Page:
Last Sunday, I went to a poetry reading. It was a joint reading by two indie publishing collectives, the New York indie press great weather for MEDIA and a local publisher, Printed Matter Vancouver. It was a nice evening: Christopher Luna read a standout poem about the Black Dahlia and the Surrealists, Gina Williams enlisted fellow poet Brad Garber to read the one-sided dialogue in a very funny poem about eavesdropping, and Jane Ormerod closed the show with her epic, breathless paean to drinking, “Raging Bull.”

But although the reading got many things right—brisk pacing, an excellent venue (the Clinton Street Theater), and an unusual hook (the great weather poets were on a “=reading tour across America)—the venue was mostly empty. No doubt there were mitigating factors—it was a Sunday, after all—but it wasn’t exactly surprising. I’ve been to some raucous, well-attended readings (literary pub crawl LitHop comes to mind), but more often than not, they are low-key and often inadvertently insular. A friend of mine who isn’t in the literary community once described feeling “like an atheist in church” at poetry readings. It got me thinking about what we can do as publishers, curators, and organizers to help make poetry readings the kind of events that strangers might stumble upon and stick around for:

  • Have the reading in a fresh setting. There are only a few settings considered “ideal” for poetry readings, and I’d argue that many of them are actually not. If you’ve ever seen someone slowly back out the door of a coffee shop when they realize a poetry reading is happening, you know what I’m talking about. One of the best readings I went to this year was the Future Tense-sponsored reading at Colonel Summers Park. It was a summer evening and the audience was spread out on blankets, eating and drinking. There was activity all around—kids playing catch, people walking dogs, sounds from the street—but this made the reading feel like a true community activity. The open setting also allowed people to drift over and see if they liked what they heard (and wander away gracefully if they didn’t).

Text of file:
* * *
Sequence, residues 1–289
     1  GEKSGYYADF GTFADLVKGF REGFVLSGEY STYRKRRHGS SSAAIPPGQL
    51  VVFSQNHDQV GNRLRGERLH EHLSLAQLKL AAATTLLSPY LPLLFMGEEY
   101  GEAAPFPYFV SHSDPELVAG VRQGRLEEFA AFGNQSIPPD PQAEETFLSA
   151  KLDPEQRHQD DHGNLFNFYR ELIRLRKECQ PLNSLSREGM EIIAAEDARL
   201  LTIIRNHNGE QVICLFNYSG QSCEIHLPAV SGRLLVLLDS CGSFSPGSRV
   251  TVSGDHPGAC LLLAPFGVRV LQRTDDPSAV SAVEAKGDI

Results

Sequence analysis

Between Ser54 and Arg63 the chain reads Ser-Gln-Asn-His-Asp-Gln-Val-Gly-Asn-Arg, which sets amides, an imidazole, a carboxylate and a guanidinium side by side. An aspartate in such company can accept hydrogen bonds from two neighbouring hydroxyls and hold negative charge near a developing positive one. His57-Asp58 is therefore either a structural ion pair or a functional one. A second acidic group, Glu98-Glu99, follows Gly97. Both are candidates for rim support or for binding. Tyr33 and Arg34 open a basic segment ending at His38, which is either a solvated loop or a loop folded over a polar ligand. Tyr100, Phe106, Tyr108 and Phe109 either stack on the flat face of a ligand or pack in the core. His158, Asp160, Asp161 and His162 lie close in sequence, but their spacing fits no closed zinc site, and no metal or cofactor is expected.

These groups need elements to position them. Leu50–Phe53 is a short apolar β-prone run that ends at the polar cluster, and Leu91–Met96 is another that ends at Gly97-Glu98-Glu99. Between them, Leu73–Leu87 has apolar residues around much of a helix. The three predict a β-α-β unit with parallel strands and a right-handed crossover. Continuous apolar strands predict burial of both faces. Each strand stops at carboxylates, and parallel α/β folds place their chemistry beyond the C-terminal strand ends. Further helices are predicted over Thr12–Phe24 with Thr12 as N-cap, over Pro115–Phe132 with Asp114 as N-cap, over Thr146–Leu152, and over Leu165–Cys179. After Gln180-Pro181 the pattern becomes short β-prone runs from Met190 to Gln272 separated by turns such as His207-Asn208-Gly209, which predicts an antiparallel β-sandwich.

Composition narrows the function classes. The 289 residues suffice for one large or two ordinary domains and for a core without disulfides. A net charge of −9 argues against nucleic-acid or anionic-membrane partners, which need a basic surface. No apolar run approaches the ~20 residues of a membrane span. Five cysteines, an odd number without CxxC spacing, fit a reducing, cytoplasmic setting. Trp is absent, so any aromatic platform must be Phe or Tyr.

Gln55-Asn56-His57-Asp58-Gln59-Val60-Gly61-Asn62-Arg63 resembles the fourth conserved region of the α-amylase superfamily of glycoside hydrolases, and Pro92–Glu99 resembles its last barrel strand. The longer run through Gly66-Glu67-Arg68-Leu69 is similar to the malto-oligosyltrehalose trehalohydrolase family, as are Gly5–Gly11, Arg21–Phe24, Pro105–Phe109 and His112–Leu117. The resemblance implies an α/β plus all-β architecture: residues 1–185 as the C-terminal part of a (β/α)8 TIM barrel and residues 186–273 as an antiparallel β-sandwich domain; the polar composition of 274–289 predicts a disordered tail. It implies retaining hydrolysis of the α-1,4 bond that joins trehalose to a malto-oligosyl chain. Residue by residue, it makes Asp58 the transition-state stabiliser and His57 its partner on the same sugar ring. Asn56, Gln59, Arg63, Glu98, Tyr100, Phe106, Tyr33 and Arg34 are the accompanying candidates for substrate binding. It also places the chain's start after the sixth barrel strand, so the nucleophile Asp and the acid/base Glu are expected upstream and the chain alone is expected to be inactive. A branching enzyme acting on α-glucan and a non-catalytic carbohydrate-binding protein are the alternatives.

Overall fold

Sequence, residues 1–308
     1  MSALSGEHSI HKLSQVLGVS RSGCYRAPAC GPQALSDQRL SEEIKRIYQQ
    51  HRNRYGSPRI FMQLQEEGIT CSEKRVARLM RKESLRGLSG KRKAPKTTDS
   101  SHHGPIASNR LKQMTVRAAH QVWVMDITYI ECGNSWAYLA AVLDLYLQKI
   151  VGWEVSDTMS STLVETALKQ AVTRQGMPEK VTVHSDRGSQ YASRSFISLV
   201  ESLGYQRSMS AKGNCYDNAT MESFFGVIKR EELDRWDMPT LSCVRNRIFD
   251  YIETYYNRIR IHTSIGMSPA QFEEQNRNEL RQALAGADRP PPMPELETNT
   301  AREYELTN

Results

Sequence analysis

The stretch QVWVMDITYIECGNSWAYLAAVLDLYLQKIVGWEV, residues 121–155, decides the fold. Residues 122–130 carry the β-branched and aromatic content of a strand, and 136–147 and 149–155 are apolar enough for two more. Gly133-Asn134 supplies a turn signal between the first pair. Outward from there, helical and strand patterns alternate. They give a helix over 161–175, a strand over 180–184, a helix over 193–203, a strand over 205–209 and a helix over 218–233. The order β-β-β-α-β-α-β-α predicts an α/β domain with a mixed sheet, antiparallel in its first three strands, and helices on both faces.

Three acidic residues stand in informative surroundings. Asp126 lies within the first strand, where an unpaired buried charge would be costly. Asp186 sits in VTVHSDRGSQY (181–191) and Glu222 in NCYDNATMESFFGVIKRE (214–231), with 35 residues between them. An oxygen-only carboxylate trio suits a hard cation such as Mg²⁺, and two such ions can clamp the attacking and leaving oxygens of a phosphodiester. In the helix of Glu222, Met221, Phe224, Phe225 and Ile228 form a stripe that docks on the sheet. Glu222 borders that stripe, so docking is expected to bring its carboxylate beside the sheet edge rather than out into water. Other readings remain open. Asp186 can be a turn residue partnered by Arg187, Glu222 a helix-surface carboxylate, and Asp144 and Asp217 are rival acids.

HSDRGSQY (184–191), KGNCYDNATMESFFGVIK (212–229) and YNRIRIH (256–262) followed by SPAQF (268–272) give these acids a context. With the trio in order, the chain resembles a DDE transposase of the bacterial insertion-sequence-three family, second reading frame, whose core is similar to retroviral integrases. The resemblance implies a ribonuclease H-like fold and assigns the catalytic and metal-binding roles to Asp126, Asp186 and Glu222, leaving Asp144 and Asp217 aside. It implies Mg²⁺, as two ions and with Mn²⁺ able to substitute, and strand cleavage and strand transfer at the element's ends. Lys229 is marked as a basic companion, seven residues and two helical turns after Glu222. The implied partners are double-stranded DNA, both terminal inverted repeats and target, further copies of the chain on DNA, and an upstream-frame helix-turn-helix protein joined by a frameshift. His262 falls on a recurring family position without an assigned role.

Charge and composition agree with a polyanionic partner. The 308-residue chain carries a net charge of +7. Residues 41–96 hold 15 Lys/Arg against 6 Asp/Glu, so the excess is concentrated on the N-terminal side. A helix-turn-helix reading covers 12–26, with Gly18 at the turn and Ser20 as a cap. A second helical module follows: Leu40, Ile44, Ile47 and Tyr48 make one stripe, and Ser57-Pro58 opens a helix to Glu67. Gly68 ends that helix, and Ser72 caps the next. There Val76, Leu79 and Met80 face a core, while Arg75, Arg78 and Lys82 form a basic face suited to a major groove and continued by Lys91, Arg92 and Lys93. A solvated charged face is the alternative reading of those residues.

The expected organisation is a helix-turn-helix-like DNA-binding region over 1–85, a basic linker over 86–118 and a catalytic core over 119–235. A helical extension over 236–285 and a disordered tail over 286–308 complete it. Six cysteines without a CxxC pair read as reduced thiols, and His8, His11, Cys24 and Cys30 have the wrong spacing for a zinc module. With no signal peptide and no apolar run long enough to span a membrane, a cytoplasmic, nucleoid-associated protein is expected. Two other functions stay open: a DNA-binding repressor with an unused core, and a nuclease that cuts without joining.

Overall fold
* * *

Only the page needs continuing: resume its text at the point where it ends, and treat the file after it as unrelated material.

• Present funny poems. I’m not saying that everybody has to read a limerick, although that’s a great idea and someone should do a reading exactly like that. But humor is disarming, so encouraging poets to mix in a poem that is witty, dry, or even (especially) perverse can help convince the casual attendee that poetry can actually be a lot of fun, which is a thing almost no one believes. This is true for prose readings, too: funny pieces always kill.

  • Encourage poets to think about the performance of the poems they are going to read. Not everyone has to be a slam poet, and not everyone should be. But it was delightful to watch Williams and Garber trade lines at Sunday’s reading, and it made me wonder why more poets don’t take advantage of the endless performative options for interpreting their work. I’m not saying that every poet needs a backup band (but do check out Ormerod’s jazz band-backed performance of “Raging Bull”). There are performance options that don’t require instruments or a projection screen or a gospel choir. It might be as simple as learning to project a little better.

  • Gimmicks! No one is too good for a clever gimmick. I’m a sucker for theme nights, and chances are you are too. How about a night where everybody reads poems they wrote that day? How about a night of nothing but sex poems, or city poems, or Battlestar Galactica Poems?! Tell me you couldn’t get fifty people to go to that.

There are great readings in Portland and lots of people doing innovative, wonderful things. But I think we could create a bigger, more diverse audience for the work we’re doing and the art we’re creating. This is how I would do it. How would you?

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